Garden Tour tickets are $10 in advance and may be purchased online at dcmga.com. Day of the tour tickets are $12 for to all gardens or $5 for a single garden. Children under 14 do not require a ticket. Local nurseries will provide door prizes for the event. The Spring Garden Tour will be held rain or shine. Cameras are welcome. Proceeds from the tour fund public educational projects and programs throughout Denton County.

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From the Spice Rack…Healthy Herbs:  Vanilla

From the Spice Rack…Healthy Herbs: Vanilla

by Kathe Kitchens, co-owner of Bestemor Herb Farm

Mosquito spray…not your first thought of vanilla?  But yes, it’s an excellent mosquito repellant.  Mix 1-2 tablespoons with 8oz natural alcohol of your choice (potato vodka, everclear, etc. but NOT isopropyl – too drying) and mist yourself all over.  It has to be real vanilla, not imitation and not mixed with anything else (some brands add sugars).  You’ll smell like a sugar cookie and the mosquitoes will leave you alone! Add a little sesame oil for an extra skin softener and natural sun block, or a few drops of lavender essential oil, a blend that works better for some people.  Be aware that it doesn’t repel ticks or fleas, just the flying blood suckers!

The vanilla bean is the pod or fruit of a tropical climbing orchid vine native to the rain forests of South America and now grown in Madagascar, Indonesia, India, Puerto Rico and the West Indies.  While buying local is always our recommendation, this spice will have to be an exception due to our climate.  Real vanilla is one of the world’s most expensive spices but highly concentrated, so a little goes a long way.  Of course, it is also one of the most sought flavorings in the world for ice cream, chocolates, baked goods, liquors, liqueurs, creams and other delicacies. Unripe pods are harvested at 5-8 inches in length after they have gone from green.  Dried until dark brown, the pods can be stored and remain strong in flavor for 3-4 years.  Preparation of true vanilla extract requires chopping the beans into small pieces and infusing them in natural alcohol.  Whole beans can usually be found in a local shop, and certainly purchased online.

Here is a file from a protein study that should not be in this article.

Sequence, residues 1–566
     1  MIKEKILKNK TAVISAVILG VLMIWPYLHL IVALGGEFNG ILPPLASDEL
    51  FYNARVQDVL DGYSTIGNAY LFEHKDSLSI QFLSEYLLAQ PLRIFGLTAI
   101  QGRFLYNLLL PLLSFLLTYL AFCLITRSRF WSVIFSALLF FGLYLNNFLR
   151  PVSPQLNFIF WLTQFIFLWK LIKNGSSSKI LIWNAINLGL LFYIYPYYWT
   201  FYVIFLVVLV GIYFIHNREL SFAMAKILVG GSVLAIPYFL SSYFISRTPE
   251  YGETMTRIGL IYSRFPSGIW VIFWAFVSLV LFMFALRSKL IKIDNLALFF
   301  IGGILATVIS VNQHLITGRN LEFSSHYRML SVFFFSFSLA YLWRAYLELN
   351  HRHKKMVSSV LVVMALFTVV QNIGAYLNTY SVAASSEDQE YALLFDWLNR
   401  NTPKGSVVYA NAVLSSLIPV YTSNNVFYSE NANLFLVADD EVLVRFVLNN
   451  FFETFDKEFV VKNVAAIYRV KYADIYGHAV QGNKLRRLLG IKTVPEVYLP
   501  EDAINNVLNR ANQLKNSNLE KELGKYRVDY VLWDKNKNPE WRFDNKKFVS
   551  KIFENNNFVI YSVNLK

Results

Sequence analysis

A health benefit of vanilla in aromatherapy is reducing stress or anxiety and aiding weight loss by triggering the release of serotonin.  Vanilla contains high levels of antioxidants and anti-fungal components, and vanilla essential oils are used in cosmetics and personal care products.  It is very important to use real vanilla extract with no added sugars to get the full benefit of the product.  A few drops in warm water will calm an upset stomach, and research indicates that the primary compound vanillin inhibits the development and growth of cancer cells in breast tissue.